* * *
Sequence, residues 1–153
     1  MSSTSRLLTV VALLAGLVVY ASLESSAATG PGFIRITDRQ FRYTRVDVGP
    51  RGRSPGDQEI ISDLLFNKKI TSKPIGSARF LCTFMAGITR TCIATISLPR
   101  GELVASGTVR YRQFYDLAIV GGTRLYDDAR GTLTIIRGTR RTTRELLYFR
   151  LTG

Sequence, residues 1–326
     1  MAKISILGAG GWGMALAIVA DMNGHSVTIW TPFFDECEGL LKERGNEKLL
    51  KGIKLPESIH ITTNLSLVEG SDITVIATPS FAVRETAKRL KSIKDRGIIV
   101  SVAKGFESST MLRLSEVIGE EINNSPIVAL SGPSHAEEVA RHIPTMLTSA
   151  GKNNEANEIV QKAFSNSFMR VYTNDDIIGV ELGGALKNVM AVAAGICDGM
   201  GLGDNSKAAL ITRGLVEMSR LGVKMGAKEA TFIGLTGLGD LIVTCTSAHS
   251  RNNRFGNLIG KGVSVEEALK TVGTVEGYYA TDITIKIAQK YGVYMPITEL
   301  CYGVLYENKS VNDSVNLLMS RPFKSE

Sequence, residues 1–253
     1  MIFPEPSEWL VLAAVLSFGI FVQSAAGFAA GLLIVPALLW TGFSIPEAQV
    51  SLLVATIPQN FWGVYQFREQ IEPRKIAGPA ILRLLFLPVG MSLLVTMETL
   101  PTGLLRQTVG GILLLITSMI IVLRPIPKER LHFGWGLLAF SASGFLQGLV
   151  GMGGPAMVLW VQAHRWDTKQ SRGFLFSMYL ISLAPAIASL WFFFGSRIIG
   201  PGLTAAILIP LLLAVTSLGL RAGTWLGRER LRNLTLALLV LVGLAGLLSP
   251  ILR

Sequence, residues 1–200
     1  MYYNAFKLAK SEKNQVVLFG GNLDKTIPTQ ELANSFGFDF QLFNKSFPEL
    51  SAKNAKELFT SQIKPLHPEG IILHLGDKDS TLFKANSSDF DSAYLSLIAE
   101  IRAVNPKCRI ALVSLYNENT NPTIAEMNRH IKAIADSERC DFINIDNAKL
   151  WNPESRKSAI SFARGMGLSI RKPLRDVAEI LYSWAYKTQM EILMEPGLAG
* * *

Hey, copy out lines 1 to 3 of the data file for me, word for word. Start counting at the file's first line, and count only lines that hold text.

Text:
Sequence, residues 1–153
     1  MSSTSRLLTV VALLAGLVVY ASLESSAATG PGFIRITDRQ FRYTRVDVGP
    51  RGRSPGDQEI ISDLLFNKKI TSKPIGSARF LCTFMAGITR TCIATISLPR